By: Rachel Clark, DanceSafe Contractor
A round blue pill with “M” in a box on one side and “30” above a score line on the other was sold in Denver, CO as oxycodone, but actually contains acetaminophen, fentanyl, 4-ANPP, metamizole, and xylazine. The sample was submitted from Denver, CO.
The sample did not react in the presence of the Marquis, Mecke, or Mandelin reagents.
Acetaminophen (Tylenol) is a popular over-the-counter pain and fever relief medication. It is non-psychoactive.
Fentanyl is active in minute quantities, which has made it a nationally-recognized contributor to the opioid crisis due to its concentrated (and often accidental) presence in pills and powders. It is popularly believed that fentanyl and its analogs are fatal when in contact with bare skin; this is a myth that has been repeatedly dispelled through scientific channels. If you suspect that someone is overdosing on an opioid, you are not at risk of intoxication simply by touching them or breathing the same air as them. Fentanyl and its analogs are absorbed through mucous membranes – an added layer of protection can be achieved by washing your hands after administering CPR on a person who has overdosed. Skin absorption would require very large quantities of fentanyl to be in contact with the dermis for prolonged periods of time, or direct contact with a wound.
Since fentanyl is typically (if not always) distributed unevenly throughout a sample, it is essential to use proper dilution techniques to dissolve the whole sample in water when testing it with a fentanyl test strip (this does not destroy the sample – after the test, the water can be left to evaporate out over a few days, leaving powder again). Symptoms of opioid overdose include slowed or stopped breathing and heart rate, blue-tinged extremities, loss of consciousness, and often vomiting. If you suspect that a person has overdosed on an opioid, call 911, administer Narcan whenever available, and place the person in the recovery position (if they are still breathing) to prevent asphyxiation on vomit. If a person is not breathing, perform CPR.
4-ANPP is a manufacturing intermediate of fentanyl (specifically, an impurity).
Xylazine is a sedative that is commonly used in veterinary medicine, and has been marked as an emerging drug of intentional abuse in Puerto Rico. It is thought to be primarily used as a bulking agent, often found in syringes containing speedballs (heroin and cocaine used in conjunction). Xylazine’s sedating and anesthetic properties lead to markedly lowered blood pressure and heart rate (hypotension and bradycardia).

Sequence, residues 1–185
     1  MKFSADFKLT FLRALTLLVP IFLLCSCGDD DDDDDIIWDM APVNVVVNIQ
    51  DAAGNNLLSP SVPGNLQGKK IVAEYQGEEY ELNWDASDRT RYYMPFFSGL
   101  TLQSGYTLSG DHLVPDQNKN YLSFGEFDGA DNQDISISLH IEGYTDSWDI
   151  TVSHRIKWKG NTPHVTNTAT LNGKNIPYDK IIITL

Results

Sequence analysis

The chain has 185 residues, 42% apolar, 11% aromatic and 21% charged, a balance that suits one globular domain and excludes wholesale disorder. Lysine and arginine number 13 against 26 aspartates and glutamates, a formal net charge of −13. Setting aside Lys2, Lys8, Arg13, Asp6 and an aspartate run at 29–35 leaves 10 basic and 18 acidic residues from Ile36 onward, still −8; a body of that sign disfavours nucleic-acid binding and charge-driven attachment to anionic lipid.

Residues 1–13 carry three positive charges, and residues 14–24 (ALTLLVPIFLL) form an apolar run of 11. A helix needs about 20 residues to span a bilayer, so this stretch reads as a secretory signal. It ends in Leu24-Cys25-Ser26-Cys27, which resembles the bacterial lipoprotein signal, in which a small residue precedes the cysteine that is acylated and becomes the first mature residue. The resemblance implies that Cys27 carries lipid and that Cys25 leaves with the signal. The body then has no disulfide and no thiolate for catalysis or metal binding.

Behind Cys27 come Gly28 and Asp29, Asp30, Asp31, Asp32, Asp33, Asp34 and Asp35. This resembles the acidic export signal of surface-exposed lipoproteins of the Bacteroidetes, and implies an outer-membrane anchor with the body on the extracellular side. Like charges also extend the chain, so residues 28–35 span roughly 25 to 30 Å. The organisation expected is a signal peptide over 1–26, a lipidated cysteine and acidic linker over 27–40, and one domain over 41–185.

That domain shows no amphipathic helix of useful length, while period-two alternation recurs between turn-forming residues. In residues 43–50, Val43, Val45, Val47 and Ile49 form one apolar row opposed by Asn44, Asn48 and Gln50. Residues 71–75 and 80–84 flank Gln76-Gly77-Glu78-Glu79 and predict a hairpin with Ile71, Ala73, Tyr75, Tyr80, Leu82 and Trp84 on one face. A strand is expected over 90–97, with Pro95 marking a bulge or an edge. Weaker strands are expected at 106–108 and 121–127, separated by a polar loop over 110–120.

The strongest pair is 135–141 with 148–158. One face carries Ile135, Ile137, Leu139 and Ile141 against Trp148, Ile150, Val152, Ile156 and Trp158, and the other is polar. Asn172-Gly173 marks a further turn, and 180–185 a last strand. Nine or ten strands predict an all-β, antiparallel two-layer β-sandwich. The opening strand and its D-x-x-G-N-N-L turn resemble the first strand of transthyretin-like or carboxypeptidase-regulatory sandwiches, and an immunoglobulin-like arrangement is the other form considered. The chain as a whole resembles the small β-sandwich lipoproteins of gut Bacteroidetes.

We urge our community to keep in mind that drug markets are expansive and that this adulterated oxycodone pill may appear in places other than its source and submission location. Using a reagent test kit can help provide a first line of defense as a presumptive (and not affirmative) process. Additionally, samples may be sent in to www.ecstasydata.org for in-depth laboratory testing. Test before you ingest to avoid taking misrepresented substances, and so you can adjust your intention, set, and setting appropriately to minimize risks. You can purchase fentanyl strips here.
The purpose of #TestIt Alerts is to alert the public to misrepresented substances circulating in their region. We neither condemn nor condone drug use, but rather want people to be aware of what they are ingesting so they can take steps to minimize risks.
Since 1998, DanceSafe has been keeping the electronic music and nightlife communities safe. As a 501(c)(3) nonprofit, we provide free harm reduction services at music festivals and nightlife events across the nation. All proceeds from the sales of our drug checking kits go back into the organization so we can continue to provide our services to our communities for free. By purchasing a kit, you are not only helping keep you and your friends safe, you are also contributing to the harm reduction movement. Thank you for your support!